What can we expect for immigration policies after COVID-19 and during Biden’s administration? Who does the research for Hyphenated America?

In terms of research, we have 10 to 15 individuals on the team. I’m very hopeful that Biden’s administration will be different and bring about positive change. However, executive orders can only get you so far and we have to rely on the Senate vote.

Often immigrant groups are pitted against one another. Different immigrant policies apply to different groups. How does Hyphenated America intend to cover all of that ground?

We stress that the immigrant community is not a monolith! We are not diminishing those unique experiences, but rather, we are speaking about each one so that we can see commonalities and empathize with different groups. Certain communities are impacted in different manners by immigration policy – look at how Haitian immigrants are negatively impacted by current immigration policy and deportation laws. Maria, my co-founder, and I have talked about the Southern border and how the whole world is actually at our border. Once they come through these documented or undocumented channels, we have to understand that people are always operating with different levels of privilege. What is most important is practicing empathy.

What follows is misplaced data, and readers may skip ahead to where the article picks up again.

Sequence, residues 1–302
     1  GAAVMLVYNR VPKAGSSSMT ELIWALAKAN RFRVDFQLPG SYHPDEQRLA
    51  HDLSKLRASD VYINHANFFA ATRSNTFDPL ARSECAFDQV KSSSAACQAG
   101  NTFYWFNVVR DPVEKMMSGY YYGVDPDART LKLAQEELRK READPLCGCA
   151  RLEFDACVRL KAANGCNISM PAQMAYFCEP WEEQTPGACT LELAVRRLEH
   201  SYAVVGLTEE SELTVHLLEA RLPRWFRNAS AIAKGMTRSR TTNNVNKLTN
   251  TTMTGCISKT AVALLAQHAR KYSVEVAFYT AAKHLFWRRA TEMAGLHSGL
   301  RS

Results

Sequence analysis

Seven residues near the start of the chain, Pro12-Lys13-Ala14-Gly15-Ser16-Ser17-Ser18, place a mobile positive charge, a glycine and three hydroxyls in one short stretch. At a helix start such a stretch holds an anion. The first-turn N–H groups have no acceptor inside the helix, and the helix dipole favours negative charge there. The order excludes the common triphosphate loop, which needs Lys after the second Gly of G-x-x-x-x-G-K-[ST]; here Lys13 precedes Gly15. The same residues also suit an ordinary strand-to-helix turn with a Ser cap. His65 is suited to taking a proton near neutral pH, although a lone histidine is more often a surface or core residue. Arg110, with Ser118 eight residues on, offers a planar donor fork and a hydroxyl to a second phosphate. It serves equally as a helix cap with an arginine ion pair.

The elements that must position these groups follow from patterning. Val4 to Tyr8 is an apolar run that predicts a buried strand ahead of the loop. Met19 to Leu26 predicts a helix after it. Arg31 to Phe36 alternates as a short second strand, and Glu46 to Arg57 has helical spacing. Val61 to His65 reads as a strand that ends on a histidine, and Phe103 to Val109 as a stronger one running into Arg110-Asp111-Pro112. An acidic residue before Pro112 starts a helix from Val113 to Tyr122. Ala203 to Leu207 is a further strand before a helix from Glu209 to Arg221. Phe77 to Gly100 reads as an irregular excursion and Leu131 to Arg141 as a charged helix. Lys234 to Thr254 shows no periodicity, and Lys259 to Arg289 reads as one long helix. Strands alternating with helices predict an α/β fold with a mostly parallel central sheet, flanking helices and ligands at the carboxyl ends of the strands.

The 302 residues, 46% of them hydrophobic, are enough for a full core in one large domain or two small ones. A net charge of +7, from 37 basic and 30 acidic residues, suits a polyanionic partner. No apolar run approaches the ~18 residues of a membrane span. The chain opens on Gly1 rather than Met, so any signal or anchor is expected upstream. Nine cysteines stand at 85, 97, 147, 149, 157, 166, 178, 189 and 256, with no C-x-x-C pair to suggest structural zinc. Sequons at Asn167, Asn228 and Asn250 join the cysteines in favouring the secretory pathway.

Now that we are graduating, what will you miss most about Barnard?

I love the history department and will miss it. Everyone who has the opportunity must take a class in the department. I will also miss the theatre community at Barnard and Columbia – I’ll specifically miss the Varsity Show and Columbia Musical Theatre Society. But I will possibly miss Butler 209 most.